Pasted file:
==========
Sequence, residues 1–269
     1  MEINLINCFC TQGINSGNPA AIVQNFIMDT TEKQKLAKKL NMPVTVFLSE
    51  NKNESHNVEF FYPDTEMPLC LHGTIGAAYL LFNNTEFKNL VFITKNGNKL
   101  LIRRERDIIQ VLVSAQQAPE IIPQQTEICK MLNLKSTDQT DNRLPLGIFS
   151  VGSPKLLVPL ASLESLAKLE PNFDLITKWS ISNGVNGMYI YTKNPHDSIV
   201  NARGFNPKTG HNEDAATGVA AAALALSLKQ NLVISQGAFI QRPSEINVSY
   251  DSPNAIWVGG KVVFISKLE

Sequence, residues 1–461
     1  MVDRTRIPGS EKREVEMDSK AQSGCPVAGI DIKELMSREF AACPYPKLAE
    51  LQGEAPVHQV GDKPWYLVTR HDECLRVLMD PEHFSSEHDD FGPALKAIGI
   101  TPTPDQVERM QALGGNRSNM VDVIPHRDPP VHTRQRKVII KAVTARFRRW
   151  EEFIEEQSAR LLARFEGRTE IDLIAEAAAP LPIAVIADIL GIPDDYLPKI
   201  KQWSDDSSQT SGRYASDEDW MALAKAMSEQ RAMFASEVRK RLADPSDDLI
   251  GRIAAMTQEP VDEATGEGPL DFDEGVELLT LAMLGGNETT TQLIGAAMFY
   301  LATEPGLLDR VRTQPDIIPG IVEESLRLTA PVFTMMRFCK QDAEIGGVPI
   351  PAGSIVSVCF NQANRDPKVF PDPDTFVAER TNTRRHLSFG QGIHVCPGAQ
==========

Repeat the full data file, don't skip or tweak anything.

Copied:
Sequence, residues 1–269
     1  MEINLINCFC TQGINSGNPA AIVQNFIMDT TEKQKLAKKL NMPVTVFLSE
    51  NKNESHNVEF FYPDTEMPLC LHGTIGAAYL LFNNTEFKNL VFITKNGNKL
   101  LIRRERDIIQ VLVSAQQAPE IIPQQTEICK MLNLKSTDQT DNRLPLGIFS
   151  VGSPKLLVPL ASLESLAKLE PNFDLITKWS ISNGVNGMYI YTKNPHDSIV
   201  NARGFNPKTG HNEDAATGVA AAALALSLKQ NLVISQGAFI QRPSEINVSY
   251  DSPNAIWVGG KVVFISKLE

Sequence, residues 1–461
     1  MVDRTRIPGS EKREVEMDSK AQSGCPVAGI DIKELMSREF AACPYPKLAE
    51  LQGEAPVHQV GDKPWYLVTR HDECLRVLMD PEHFSSEHDD FGPALKAIGI
   101  TPTPDQVERM QALGGNRSNM VDVIPHRDPP VHTRQRKVII KAVTARFRRW
   151  EEFIEEQSAR LLARFEGRTE IDLIAEAAAP LPIAVIADIL GIPDDYLPKI
   201  KQWSDDSSQT SGRYASDEDW MALAKAMSEQ RAMFASEVRK RLADPSDDLI
   251  GRIAAMTQEP VDEATGEGPL DFDEGVELLT LAMLGGNETT TQLIGAAMFY
   301  LATEPGLLDR VRTQPDIIPG IVEESLRLTA PVFTMMRFCK QDAEIGGVPI
   351  PAGSIVSVCF NQANRDPKVF PDPDTFVAER TNTRRHLSFG QGIHVCPGAQ